The study – from scientists in the laboratory of Marlowe Eldridge, MD, MSME – recently was published as a Correspondence in the New England Journal of Medicine, is the first to recognize “hidden” ventilatory dysfunction in this population – raising new questions about the long-term clinical consequences of prematurity.
Researchers (from left) Marlowe Eldridge, Melissa Bates and Emily Farrell take an integrative approach to cardiopulmonary physiology.
As part of their work on “Comprehensive Characterization of Intrapulmonary Arteriovenous Pathways in Health” – a grant from the National Institutes of Health–National Heart, Lung and Blood Institute (NIH–NHLBI) – the team was investigating pulmonary vascular responses to hypoxia (lower than normal oxygen) and hyperoxia (higher than normal oxygen) in healthy young adults born prematurely.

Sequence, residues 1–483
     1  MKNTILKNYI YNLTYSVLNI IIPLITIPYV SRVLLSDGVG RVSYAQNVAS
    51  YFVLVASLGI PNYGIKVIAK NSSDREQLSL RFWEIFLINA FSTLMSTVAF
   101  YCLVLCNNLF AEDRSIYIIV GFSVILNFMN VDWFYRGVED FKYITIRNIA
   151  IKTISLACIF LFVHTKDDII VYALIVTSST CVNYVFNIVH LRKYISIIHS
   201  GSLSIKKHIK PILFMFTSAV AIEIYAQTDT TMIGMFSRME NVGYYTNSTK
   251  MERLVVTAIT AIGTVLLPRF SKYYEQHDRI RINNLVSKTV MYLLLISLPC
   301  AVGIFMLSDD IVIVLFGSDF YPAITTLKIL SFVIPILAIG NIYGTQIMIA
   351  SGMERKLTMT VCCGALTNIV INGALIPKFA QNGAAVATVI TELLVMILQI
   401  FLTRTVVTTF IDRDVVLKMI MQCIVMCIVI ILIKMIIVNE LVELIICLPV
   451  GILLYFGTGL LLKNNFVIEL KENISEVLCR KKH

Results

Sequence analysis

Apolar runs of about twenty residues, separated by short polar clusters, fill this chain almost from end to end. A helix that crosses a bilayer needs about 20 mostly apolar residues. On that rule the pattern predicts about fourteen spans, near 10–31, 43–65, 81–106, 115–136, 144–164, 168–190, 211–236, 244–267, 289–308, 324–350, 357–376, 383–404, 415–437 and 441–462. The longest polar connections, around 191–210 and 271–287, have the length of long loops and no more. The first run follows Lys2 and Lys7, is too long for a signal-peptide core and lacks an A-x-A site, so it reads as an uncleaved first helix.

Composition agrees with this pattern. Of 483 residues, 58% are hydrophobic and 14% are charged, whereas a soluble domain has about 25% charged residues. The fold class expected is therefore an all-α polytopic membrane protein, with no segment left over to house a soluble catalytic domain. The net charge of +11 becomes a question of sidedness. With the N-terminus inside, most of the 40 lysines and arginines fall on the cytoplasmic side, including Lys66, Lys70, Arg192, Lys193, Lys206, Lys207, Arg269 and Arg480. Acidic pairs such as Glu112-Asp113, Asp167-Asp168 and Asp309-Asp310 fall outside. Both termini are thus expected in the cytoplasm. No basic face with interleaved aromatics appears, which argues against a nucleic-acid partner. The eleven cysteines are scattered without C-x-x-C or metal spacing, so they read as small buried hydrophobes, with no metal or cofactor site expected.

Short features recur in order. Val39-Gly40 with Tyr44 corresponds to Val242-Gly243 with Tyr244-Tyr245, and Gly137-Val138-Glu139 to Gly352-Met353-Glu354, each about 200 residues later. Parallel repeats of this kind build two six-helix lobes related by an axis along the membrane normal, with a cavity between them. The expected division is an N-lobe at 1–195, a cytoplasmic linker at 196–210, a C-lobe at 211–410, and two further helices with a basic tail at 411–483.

Interestingly, during exposure to hypoxia, the investigators noticed something unusual: One participant entered respiratory depression – the opposite of what normally happens in a healthy adult.
The team created an additional comprehensive study to investigate whether others in the cohort would have similar abnormal responses to low oxygen.
Those participants were recruited from The Newborn Lung Project, a longitudinal cohort study of premature infants born in Wisconsin and Iowa led by Maria Palta, PhD, professor in the departments of Population Health Sciences and Biostatistics and Medical Informatics. Members of the project’s first cohort were born in the 1980s and are now in their early 20s.
Investigators found that, as a group, these adults – born prematurely but otherwise clinically normal – had substantially reduced ventilatory responses to low oxygen compared to term-born adults.
University of Wisconsin School of Medicine and Public Health